dictator27

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About dictator27

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  1. Unknown truck

    Wow! Yes, definitely an early 30's Stewart, but don't think it is a Buddy which was their smallest truck and usually aimed at the civilian rather than commercial market.
  2. Unknown limo

    Any votes for a Hudson Super 6 about 1918? Hood louvres look right, if nothing else. Terry
  3. Unknown limo

    Has a luggage rack on the roof. Looks pretty utilitarian, probably not particularly comfortable.
  4. Unknown truck

    Tough call, but to me the fenders and wheels look more British than American. Terry
  5. Unknown vehicle, circa 1915

    That was my thought.
  6. Unknown limo

    I think you are on the mark nz. That is most likely what it is. Not just for local hotels, but also for those further up Vancouver Island's east coast as well. There is a 1933 Studebaker Speedway President 7 passenger sedan not far from me that did that until the end of WW2. CP's own Empress Hotel is within sight of the ferry terminal, but God forbid that their guests should have to make the 5 or 10 minute walk! Since the building opened in 1924 and appears to be quite new in the photo, the vehicle in question is probably 10 years old. There appears to be a woman standing behind the jitney wearing a dress more in keeping with the age of the vehicle rather than the mid/late 1920's which speaks to the challenge of accurately dating a photo.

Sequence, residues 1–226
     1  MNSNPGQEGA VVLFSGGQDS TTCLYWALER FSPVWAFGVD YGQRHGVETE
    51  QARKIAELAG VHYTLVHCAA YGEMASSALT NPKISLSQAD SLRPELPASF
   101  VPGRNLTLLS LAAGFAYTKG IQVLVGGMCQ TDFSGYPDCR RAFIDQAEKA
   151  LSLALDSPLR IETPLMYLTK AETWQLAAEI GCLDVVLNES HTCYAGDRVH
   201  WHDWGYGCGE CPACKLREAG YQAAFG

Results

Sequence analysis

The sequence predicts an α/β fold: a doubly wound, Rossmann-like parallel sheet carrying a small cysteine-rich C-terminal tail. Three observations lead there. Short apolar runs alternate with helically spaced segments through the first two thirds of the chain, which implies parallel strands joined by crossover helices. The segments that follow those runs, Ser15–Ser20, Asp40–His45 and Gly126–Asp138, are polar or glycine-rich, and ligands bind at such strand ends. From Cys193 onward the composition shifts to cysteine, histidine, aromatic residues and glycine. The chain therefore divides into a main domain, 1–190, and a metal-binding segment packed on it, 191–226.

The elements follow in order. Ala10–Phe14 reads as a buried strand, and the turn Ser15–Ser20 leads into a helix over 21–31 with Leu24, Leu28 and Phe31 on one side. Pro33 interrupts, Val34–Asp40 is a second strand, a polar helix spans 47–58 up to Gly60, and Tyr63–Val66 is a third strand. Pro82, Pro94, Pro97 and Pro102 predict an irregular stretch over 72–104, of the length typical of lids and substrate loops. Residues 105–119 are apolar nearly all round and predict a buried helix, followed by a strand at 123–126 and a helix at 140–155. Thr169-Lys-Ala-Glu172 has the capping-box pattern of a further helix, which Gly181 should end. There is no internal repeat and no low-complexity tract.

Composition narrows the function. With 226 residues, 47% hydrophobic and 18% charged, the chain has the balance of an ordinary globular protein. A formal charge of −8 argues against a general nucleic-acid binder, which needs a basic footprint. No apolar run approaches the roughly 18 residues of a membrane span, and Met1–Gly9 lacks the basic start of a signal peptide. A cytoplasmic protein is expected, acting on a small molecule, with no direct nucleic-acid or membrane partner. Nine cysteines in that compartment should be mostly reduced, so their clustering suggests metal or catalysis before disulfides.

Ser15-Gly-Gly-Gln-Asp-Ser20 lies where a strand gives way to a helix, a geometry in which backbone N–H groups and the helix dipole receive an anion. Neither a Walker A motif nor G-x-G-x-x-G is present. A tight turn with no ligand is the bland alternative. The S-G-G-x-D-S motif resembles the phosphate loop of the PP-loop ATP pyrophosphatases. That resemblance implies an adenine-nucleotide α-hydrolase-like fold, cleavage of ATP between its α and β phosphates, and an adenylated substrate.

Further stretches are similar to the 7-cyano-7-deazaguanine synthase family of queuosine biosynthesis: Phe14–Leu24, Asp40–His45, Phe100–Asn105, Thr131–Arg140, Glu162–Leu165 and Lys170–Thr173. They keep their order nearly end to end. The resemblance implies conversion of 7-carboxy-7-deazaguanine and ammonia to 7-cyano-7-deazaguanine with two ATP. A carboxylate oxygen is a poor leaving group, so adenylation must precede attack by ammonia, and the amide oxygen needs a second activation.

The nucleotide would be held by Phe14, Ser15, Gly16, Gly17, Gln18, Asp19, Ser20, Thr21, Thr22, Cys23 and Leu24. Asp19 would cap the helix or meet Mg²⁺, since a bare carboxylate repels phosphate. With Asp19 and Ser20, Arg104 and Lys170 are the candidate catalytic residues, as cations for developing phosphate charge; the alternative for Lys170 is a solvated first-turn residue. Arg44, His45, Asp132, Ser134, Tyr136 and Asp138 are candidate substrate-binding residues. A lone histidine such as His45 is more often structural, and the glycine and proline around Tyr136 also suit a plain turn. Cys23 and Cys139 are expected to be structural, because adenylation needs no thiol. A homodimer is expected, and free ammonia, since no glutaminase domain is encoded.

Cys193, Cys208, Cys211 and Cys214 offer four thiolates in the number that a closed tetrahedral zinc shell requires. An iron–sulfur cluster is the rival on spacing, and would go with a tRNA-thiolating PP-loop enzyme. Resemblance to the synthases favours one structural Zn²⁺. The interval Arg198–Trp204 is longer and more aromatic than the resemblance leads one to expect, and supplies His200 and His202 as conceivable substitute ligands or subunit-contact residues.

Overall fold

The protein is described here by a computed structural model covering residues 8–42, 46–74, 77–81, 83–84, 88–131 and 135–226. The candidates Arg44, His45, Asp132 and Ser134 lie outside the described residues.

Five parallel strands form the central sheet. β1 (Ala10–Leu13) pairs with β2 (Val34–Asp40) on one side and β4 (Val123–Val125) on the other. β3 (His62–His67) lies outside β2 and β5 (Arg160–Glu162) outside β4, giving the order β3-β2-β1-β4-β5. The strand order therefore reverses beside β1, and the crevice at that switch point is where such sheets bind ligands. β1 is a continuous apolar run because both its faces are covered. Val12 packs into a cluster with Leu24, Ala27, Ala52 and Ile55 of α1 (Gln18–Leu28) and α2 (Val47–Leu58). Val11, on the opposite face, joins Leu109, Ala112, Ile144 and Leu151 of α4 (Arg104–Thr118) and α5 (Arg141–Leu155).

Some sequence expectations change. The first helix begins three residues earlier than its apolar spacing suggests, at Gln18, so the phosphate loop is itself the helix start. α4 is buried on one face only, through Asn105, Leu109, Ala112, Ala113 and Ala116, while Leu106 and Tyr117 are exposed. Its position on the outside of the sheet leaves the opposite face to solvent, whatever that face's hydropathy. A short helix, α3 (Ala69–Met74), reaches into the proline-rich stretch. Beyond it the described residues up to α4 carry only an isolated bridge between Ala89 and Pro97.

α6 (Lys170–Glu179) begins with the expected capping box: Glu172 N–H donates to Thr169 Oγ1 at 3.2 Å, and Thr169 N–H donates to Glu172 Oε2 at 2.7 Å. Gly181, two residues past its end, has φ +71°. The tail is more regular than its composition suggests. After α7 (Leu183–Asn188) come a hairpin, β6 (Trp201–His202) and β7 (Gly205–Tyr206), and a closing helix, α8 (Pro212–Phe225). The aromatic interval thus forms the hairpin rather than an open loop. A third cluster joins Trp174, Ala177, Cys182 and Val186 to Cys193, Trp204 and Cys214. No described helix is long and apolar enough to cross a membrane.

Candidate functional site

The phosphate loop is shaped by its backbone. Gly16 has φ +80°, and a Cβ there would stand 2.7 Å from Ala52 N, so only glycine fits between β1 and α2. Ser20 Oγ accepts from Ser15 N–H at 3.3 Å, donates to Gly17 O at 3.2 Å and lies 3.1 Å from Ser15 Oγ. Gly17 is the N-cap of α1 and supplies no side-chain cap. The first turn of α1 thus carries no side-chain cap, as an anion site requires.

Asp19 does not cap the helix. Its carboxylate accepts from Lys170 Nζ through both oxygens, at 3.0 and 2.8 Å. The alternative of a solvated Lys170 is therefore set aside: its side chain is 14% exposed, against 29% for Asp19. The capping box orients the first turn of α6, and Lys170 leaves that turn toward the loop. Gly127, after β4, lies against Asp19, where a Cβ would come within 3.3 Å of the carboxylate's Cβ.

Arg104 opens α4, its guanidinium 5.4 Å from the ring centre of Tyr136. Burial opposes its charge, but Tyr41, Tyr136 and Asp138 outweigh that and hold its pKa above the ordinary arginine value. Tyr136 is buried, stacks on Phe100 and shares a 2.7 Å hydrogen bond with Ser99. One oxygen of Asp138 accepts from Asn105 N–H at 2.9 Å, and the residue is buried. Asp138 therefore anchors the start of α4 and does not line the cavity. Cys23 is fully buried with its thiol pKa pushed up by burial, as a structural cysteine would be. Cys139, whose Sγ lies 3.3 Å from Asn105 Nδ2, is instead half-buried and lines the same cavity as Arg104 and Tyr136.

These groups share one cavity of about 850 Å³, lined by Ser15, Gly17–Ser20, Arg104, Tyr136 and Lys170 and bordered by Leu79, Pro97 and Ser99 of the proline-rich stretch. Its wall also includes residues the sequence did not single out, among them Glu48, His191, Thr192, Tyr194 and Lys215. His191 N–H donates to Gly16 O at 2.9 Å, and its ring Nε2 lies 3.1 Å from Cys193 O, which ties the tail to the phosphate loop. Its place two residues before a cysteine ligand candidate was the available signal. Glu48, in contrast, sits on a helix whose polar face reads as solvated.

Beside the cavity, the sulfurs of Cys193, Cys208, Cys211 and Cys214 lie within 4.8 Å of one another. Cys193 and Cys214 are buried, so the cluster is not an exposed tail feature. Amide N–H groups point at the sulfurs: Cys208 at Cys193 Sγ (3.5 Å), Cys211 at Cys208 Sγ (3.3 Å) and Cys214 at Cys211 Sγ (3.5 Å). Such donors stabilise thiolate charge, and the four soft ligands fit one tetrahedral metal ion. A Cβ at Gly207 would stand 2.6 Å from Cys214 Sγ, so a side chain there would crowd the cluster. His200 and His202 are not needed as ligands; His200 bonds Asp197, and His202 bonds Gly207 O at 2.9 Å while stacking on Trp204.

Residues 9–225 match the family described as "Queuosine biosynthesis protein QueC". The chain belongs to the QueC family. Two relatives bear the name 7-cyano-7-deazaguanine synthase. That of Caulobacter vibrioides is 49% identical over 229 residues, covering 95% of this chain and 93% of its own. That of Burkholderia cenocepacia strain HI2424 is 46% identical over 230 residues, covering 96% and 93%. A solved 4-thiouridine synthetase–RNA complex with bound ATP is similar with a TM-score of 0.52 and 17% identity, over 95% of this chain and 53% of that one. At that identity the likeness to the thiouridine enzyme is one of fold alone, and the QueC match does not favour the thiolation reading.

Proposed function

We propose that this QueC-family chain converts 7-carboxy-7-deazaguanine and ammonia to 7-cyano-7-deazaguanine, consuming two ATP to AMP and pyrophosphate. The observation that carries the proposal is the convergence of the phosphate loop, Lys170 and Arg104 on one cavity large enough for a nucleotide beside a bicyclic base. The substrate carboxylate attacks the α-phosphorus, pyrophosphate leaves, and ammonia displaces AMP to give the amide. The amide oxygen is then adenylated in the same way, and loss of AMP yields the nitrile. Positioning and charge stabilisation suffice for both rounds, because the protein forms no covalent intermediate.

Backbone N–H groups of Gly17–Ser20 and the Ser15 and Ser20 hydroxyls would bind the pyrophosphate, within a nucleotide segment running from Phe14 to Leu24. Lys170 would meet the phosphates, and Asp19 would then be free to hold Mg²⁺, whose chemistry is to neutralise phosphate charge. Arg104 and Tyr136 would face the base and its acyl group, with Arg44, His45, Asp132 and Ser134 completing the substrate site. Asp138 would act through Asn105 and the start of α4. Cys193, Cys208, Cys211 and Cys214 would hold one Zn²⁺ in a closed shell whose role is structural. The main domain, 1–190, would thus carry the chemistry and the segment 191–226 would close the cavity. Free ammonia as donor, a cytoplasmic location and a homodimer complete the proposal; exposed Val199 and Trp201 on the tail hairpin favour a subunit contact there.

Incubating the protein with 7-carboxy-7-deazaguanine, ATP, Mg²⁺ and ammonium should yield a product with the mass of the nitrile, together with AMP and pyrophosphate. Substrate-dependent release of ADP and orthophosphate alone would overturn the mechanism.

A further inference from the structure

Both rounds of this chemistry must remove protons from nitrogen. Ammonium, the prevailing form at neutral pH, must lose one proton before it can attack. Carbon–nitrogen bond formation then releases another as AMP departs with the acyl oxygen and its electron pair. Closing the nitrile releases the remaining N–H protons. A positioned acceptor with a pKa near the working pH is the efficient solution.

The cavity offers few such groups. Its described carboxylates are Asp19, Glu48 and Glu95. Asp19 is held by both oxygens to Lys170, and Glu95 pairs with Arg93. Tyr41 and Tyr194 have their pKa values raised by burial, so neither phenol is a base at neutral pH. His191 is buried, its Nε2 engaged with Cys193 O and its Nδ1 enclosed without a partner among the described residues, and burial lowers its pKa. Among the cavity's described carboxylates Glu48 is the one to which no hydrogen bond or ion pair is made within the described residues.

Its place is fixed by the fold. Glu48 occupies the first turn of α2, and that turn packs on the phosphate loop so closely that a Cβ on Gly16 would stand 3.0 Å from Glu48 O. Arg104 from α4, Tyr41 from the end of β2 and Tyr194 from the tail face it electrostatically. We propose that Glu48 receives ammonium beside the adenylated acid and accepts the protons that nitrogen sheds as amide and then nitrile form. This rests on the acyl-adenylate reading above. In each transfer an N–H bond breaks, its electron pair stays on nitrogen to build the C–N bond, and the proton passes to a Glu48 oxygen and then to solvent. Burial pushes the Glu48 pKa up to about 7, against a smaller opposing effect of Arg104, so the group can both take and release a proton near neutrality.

7. Unknown limo

    Yes, the building still exists. It was designed by Francis Rattenbury for the CPR's Victoria/Vancouver ferry service and is located in Victoria's inner harbour. It recently had a major renovation but was unoccupied at last report. Yes, it rivals the Parthenon because he patterned it after the Temple of Poseidon! He also designed several other iconic buildings in Victoria and Vancouver. The car in the picture is older than the building which was built in 1924. Terry
  8. Did You Ever Own.....

    You're close, Greg. The Minor did have torsion bar front suspension, but it was Jowett that gave Chrysler the idea. The Javelin had torsion bars at all four corners. The original straight Chrysler torsion bar suspension is almost a carbon copy of the Javelin's front suspension. Technically, the Javelin is a very interesting car in a number of areas. Terry
  9. Unknown limo

    A Winton in Victoria, British Columbia would have been a very rare breed. Packard not so much.
  10. Did You Ever Own.....

    Trivia question: We all know about Chryslers torsion bar front suspension which they used from the middle 50's. Which British car maker gave them the idea?
  11. Did You Ever Own.....

    Oh you poor, deprived Americans!😁. Variety is the spice of life. For me, nothing but American iron would have been boring. I grew up in Vancouver, British Columbia and all of these cars were available here: Austin(family car for years), Morris, Wolseley, Riley, Hillman, Humber, Singer, Sunbeam, Vauxhall, English Ford, Jowett, Rover, Standard, Triumph, Renault, Peugeot, Citroen (I worked for the Citroen dealer - the ID and DS were incredible cars). Also.available were Borgward, Lloyd, DKW and NSU (I had one, 2 cylinders 30 hp and 68 mpg (Imperial). I was fascinated by the variety of cars. American stuff was nowhere near as interesting. Terry
  12. Any thoughts on this vehicle?

    The hollow tree in Stanley Park is still there - but just barely. It is literally on life support with steel cables and trusses being used to prop it up.
  13. Help me ID this car?

    Marquette
  14. Ball bearing at.one end, tapered roller at the other.
  15. American Austin, Bantam came later